Let’s touch on your thoughts about our city – what do you like the most and least?
I love LA most for the creative freedom I feel here. I don’t feel like I have to explain myself to Angelinos – respect is earned through hustle and originality. I can be comfortable in my own skin, I can try on a new style without judgment. With so many artists the city is catered toward nurturing creativity. People here are inspired and have interesting stories. LA is an extroverted and lively city!

It is so large though that it can feel isolating. I wish the air were cleaner and I wish it were easier to get away from civilization. It can definitely be a bubble and I wish I didn’t have to sit in traffic for hours to escape it.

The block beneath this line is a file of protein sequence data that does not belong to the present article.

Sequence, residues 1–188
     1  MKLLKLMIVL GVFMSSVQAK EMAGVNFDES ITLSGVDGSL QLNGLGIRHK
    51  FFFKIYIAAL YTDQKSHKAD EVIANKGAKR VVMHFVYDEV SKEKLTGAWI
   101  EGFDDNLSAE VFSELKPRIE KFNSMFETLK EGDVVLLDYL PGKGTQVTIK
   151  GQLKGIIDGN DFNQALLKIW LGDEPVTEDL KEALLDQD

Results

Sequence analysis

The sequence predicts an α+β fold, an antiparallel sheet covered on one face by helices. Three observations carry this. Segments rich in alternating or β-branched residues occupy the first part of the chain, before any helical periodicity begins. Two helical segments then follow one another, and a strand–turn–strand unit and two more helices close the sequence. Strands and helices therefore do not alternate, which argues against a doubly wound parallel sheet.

Contact Info:


Image Credit:
Cameron Doyle, Aaron Field, Jessica Bergkvist, Jordan Willyums

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1 Comment

  1. Jason Lauren

    August 22, 2019 at 23:36

    Thank you for a most thought provoking article/profile. Mitchell’s equating Music and its elements to the elements of other forms of art is interesting. Music as a painting? Wonderful comparison. This Musician’s vulnerability and Journey with its challenges and pitfalls are relatable.